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Secure Your Apartment During Summer Vacation

Taking a Summer Vacation? Secure Your Apartment First

April 28, 2018 Warm weather (even blistering, hot weather) and sunny days are finally here, making many eager for a getaway to a favorite hotel, campground or resort. And yet, it might feel just as good to return to a home after a vacation...sleeping in your own bed, with all your stuff within a… Allstate
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Warm weather (even blistering, hot weather) and sunny days are finally here, making many eager for a getaway to a favorite hotel, campground or resort. And yet, it might feel just as good to return to a home after a vacation…sleeping in your own bed, with all your stuff within a few steps. It’s worth taking preventative steps to secure your apartment before you leave to keep your “fortresses of solitude” safe and sound.

According to crime statistics, a majority of U.S. communities typically see an increase of 10 to 20 percent in home burglaries over the summer months, with August being the peak month. Consider the following tips so your apartment doesn’t become the scene of a summer crime:


Making sure your doors have good locks in working order is a simple but vital step toward preventing burglary. Before you leave home, make sure all doors, windows and sliding balcony doors are closed and locked. If you have a deadbolt as well, make sure to use it!


The reviews are mixed on whether to stop your mail or have someone pick it up. If you’re comfortable telling the post office about the times you’ll be away, do so. If not, have a friend pick up your mail on a regular basis. Whichever method you choose, just don’t let mail accumulate in your mailbox or newspapers and flyers pile up by your door.


Having someone watch over your property can be a wise choice. Even if it’s to occasionally water plants, pick up mail and check that everything is working properly, a trustworthy friend can be a key component to your apartment’s security.

Shrubbery, Curtains and Lights

When it comes to windows, it’s important to make it appear that there’s nothing out of the ordinary going on  even if you’re thousands of miles from home. If you live on the first floor, keep in mind that anything that obstructs your windows from the street gives burglars cover to enter and leave your apartment at will. Plus, tightly closed curtains or constantly burning lights can be telltale signs that no one’s home, so when you’re gone for more than a day or two, consider using timer switches to turn lights on and off at regular intervals.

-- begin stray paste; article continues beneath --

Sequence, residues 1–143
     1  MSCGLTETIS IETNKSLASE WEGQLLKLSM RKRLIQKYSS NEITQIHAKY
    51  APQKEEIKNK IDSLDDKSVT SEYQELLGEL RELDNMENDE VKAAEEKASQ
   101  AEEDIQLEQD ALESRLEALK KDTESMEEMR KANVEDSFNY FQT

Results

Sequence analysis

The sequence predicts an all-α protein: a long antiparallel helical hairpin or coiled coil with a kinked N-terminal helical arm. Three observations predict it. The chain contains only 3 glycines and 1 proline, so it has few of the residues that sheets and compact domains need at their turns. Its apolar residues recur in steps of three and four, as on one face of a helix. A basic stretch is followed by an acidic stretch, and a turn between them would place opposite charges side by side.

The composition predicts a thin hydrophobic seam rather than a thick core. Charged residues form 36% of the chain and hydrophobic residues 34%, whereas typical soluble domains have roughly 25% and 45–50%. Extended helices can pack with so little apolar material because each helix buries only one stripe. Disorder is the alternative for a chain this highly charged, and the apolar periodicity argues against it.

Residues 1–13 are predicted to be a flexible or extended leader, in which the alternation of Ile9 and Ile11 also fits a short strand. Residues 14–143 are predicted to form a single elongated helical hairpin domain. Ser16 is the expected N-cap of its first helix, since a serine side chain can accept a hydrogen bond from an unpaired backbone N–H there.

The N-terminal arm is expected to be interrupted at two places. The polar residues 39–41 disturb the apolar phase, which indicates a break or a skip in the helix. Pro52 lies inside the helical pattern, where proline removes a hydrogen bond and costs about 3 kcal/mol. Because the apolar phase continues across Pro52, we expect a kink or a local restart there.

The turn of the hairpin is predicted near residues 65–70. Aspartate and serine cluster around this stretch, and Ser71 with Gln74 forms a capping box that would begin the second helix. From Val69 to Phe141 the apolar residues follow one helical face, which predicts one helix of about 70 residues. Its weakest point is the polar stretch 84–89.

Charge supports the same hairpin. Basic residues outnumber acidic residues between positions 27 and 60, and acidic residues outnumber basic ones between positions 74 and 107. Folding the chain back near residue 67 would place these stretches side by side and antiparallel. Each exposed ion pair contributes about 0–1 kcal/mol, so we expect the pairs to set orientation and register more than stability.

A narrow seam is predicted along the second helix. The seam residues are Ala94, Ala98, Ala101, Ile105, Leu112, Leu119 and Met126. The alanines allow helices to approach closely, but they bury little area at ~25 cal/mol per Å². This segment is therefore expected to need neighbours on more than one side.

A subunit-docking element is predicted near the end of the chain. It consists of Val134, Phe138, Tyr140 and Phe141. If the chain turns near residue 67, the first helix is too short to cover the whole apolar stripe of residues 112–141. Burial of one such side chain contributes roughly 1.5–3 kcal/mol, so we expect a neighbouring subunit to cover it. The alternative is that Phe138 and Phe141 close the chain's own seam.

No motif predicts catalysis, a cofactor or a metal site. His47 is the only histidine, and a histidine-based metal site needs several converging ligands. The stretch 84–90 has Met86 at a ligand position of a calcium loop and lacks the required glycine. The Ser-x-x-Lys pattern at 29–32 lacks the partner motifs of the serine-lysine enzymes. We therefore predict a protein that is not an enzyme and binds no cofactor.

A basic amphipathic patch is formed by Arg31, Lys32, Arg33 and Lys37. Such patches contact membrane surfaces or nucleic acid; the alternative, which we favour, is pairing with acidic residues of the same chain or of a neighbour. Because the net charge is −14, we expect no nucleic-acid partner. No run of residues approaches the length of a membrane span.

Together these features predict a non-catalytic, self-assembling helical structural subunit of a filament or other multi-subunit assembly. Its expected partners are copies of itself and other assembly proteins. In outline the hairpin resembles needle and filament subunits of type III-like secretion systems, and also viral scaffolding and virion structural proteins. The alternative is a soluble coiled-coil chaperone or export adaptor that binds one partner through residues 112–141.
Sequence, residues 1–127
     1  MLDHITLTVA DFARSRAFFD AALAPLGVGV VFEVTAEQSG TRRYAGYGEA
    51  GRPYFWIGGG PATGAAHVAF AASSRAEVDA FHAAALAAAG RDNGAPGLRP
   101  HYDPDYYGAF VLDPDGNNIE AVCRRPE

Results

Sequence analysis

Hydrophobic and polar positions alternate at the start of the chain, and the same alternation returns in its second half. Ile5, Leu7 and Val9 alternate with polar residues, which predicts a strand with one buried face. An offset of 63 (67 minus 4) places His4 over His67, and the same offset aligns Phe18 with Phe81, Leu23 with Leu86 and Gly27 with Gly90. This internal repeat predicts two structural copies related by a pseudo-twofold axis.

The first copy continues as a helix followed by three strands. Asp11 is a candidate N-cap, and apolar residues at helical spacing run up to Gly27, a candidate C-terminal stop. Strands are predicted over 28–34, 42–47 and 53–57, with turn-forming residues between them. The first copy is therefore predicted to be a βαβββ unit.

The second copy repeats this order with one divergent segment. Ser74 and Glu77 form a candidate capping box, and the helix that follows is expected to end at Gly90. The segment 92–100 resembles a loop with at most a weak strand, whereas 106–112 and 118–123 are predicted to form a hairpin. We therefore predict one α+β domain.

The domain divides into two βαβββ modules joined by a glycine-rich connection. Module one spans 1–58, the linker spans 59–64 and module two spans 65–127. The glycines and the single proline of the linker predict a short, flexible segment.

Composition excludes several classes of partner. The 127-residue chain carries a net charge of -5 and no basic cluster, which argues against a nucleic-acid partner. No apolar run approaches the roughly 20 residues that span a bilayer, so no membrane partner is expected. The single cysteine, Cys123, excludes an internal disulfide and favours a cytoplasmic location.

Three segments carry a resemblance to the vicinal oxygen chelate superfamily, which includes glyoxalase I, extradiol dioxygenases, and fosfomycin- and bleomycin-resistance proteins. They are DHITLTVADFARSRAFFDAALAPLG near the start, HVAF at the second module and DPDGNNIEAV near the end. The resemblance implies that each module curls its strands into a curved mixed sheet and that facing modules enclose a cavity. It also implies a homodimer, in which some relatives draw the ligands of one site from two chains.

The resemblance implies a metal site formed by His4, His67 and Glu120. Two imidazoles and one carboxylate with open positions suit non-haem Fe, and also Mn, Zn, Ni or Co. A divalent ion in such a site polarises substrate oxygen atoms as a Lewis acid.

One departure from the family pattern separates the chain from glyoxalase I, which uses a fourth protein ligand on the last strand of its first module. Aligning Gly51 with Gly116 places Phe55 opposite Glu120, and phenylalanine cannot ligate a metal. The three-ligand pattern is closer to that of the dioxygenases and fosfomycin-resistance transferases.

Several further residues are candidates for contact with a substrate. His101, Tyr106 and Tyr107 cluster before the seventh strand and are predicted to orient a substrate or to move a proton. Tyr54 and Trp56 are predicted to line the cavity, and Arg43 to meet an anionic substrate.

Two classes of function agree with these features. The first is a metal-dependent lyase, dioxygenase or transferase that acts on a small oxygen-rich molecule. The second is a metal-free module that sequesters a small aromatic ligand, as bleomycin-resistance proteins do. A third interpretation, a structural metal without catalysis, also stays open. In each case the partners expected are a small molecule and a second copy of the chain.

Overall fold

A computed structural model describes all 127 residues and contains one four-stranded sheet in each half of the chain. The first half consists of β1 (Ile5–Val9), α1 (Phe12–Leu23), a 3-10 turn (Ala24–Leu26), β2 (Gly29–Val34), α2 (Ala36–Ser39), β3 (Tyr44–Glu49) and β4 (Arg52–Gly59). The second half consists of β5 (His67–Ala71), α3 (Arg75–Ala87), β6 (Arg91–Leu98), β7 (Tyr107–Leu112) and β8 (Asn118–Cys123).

Social Media

Don’t tip off the world to your vacation by letting anyone with an Internet connection know you’re away. It can be tempting  especially if you’re constantly on Facebook and Twitter  but it makes a lot of sense to wait to update your Facebook page until after you’ve returned. That way, you’re not only security-conscious, you also get to take a second look at those vacation pictures to be sure you really want to share them! Even if you didn’t suffer a break-in at your apartment after sharing your vacation news in the past, you may have opened yourself up to unnecessary risk.


Alarm systems have come a long way, but if your budget doesn’t allow for one, be creative. Look into what types of security measures are suggested by your local police department or are offered via your cable provider. These are two types of professionals who visit many homes and know from experience about the best, cost-effective protection measures. There are plenty of simple, inexpensive options on the market, including motion detectors, magnetic window alarms, and some DIY techniques.


It’s always advisable to double-check your renters insurance to see what coverage you have for your possessions while you’re away. If you have any questions, don’t hesitate to contact your insurance agent well before you hit the road. It’s a good idea to double-check anything you may have overlooked in your policy and ensure everything is up-to-date.

The last thing anyone wants is to return to a burgled or damaged apartment, so following these tips as part of a pre-vacation checklist can provide some valuable peace of mind. When you return home, you’ll be glad you did.

This blog post comes courtesy of the guest bloggers and editors at

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